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A Fine Red Rain Mass Market Paperback – March 12, 1988


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Product Details

  • Mass Market Paperback
  • Publisher: Ivy Books (March 12, 1988)
  • Language: English
  • ISBN-10: 0804102791
  • ISBN-13: 978-0804102797
  • Product Dimensions: 0.8 x 4.2 x 7 inches
  • Shipping Weight: 4 ounces
  • Average Customer Review: 4.4 out of 5 stars  See all reviews (7 customer reviews)
  • Amazon Best Sellers Rank: #1,928,393 in Books (See Top 100 in Books)

Editorial Reviews

From Publishers Weekly

Kaminsky's three novels (including the Edgar nominee Black Knight in Red Square starring the shrewd, temperate Inspector Rostnikov of the Moscow police have attracted many readers. This new tale finds Rostnikov trying to save a young circus aerialist from the killer of her two fellow performers. The inspector himself is like an acrobat on the high wire without a net, a target of both his jealous supervisor and the unknown murderer. Working day and night, Rostnikov nonetheless assumes the added burden of helping his colleague, Karpo, catch the mad knifer of eight prostitutes. The inspector also foils a plot by a Soviet official who threatens Rostnikov's young policeman friend, Tkach, before this witty, intricate thriller reaches a suspenseful finale in the center ring under the Moscow Circus Big Top.
Copyright 1987 Reed Business Information, Inc. --This text refers to an out of print or unavailable edition of this title.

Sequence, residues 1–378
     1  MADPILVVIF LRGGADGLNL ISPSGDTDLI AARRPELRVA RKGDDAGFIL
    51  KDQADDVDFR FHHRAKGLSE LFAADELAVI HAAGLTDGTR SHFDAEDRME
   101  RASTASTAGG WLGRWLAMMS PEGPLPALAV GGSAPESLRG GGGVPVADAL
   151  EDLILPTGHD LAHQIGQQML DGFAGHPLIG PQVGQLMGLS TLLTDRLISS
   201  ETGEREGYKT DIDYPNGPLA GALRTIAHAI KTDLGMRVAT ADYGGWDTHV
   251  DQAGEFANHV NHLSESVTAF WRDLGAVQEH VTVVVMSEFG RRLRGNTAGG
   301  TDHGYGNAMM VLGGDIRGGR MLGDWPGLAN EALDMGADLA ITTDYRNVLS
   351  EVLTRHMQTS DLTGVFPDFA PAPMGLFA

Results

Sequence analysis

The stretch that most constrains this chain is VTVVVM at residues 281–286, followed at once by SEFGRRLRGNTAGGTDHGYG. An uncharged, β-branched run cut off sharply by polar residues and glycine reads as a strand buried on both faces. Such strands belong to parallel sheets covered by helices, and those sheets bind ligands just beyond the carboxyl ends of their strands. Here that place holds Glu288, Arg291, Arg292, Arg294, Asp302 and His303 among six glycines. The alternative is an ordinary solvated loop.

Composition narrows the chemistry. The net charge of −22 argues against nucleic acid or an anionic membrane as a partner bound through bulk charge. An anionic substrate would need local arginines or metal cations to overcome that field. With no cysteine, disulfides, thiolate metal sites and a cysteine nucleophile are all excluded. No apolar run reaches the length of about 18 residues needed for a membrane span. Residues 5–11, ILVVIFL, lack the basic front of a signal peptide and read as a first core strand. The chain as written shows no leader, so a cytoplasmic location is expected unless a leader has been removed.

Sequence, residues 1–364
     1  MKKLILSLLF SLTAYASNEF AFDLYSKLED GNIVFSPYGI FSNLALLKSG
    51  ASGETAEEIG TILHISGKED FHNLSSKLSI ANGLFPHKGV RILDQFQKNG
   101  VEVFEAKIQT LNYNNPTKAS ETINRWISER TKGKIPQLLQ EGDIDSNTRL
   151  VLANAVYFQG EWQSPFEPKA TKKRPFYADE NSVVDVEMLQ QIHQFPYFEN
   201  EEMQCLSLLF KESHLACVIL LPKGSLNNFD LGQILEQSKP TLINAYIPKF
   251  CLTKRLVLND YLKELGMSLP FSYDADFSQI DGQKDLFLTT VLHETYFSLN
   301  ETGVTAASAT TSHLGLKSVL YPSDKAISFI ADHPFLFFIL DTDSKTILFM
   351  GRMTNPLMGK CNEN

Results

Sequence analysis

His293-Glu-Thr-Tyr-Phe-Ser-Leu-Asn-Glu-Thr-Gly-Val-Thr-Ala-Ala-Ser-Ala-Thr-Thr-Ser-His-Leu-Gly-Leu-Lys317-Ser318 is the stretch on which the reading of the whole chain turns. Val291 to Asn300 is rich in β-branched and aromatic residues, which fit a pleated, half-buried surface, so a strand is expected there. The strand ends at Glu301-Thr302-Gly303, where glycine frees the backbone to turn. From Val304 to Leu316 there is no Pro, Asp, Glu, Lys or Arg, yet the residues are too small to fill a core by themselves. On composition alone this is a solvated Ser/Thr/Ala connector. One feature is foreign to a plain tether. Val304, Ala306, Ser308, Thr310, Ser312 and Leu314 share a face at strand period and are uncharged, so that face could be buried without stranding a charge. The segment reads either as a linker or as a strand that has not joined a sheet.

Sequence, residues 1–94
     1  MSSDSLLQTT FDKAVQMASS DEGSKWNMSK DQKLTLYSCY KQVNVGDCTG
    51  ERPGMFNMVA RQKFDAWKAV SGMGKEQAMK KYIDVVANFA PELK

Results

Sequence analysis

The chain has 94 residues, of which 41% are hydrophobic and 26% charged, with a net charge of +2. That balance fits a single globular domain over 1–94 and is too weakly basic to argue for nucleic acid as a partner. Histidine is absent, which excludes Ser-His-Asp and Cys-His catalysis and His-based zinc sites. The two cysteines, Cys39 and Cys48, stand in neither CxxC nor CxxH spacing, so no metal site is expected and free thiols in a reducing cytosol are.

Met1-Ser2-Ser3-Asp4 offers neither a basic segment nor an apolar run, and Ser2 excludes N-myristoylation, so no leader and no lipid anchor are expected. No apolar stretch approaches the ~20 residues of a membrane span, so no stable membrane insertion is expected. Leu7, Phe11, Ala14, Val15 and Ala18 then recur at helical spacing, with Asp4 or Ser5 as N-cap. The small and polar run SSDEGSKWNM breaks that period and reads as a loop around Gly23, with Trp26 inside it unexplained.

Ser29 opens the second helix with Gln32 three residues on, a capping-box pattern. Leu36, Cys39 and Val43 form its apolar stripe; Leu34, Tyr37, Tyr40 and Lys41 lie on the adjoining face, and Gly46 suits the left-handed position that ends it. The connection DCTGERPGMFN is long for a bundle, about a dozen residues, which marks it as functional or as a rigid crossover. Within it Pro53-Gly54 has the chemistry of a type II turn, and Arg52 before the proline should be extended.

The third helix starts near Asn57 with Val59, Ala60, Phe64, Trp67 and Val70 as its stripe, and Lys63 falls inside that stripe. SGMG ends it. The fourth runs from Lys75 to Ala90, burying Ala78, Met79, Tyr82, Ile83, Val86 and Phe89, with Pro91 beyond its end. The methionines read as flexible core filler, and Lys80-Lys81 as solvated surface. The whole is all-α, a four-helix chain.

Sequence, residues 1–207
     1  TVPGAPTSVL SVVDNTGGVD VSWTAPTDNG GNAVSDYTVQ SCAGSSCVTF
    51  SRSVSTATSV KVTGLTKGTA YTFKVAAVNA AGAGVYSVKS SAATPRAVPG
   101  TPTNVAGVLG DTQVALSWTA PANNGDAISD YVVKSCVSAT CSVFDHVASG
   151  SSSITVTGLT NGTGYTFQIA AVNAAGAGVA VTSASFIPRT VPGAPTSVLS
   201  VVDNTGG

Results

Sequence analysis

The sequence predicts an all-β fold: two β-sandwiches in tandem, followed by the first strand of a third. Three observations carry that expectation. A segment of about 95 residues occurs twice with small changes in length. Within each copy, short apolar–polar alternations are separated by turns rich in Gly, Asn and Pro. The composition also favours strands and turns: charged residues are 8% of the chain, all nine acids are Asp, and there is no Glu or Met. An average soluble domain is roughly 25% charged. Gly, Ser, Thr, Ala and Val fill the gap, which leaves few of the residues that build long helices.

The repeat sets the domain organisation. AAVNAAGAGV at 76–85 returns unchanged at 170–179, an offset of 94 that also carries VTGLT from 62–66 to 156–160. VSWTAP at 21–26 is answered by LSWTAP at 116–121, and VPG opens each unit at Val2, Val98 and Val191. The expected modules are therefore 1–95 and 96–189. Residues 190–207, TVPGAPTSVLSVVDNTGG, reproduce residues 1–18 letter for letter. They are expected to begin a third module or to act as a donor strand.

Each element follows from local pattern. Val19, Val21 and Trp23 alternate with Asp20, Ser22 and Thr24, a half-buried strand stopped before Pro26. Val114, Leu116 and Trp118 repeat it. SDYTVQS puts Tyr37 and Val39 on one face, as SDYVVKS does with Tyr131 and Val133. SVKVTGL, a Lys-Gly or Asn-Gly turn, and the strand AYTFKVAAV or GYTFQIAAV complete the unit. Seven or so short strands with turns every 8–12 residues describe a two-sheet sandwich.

From the Inside Flap

Moscow's top cops are on the case as multiple murders sweep the city. There's Rostnikov, once a hero in the great war against Hitler, recently demoted after clashing with the KGB. There's young Sasha, who looks more like a kid than a cop. And there's Karpo, intelligent and determined, feared by criminals. Together, they would track down the killers -- but what if their search led into forbidden areas, into the Kremlin itself?

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Most Helpful Customer Reviews

5 of 5 people found the following review helpful By Cynthia K. Robertson TOP 1000 REVIEWERVINE VOICE on March 29, 2005
Format: Paperback
The first Porfiry Rostnikov mystery I read by Stuart Kaminsky was one of the last one of the series. So I picked up A Fine Red Rain (his third) to gain some more background information. I was not disappointed.

Rostnikov sets out to investigate the deaths of two thirds of a high wire circus act (one a suicide and the other an "accident"). Rostnikov does not believe in coincidence, and when he interviews the third person in the act, he discovers that her life is in danger as well. The inspector finds that there is quite a bit of monkey business going on behind the scenes of the Moscow New Circus.

At the same time, Rostnikov's associates, Emil Karpo and Sasha Tkach are investigating cases of their own. Karpo is trying to track down a serial killer. Tkach has come across a black market for western goods. This subplot is quite fascinating, and gives us an interesting look at the extensive black market (along with accompanying police corruption) during the communist era.

Kaminsky's Rostnikov series is excellent, and I only regret that he hasn't been more prolific in writing these particular books. Fortunately for me, I have at least six or seven more to read. I'm already working on Rostnikov's Vacation.
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Format: Paperback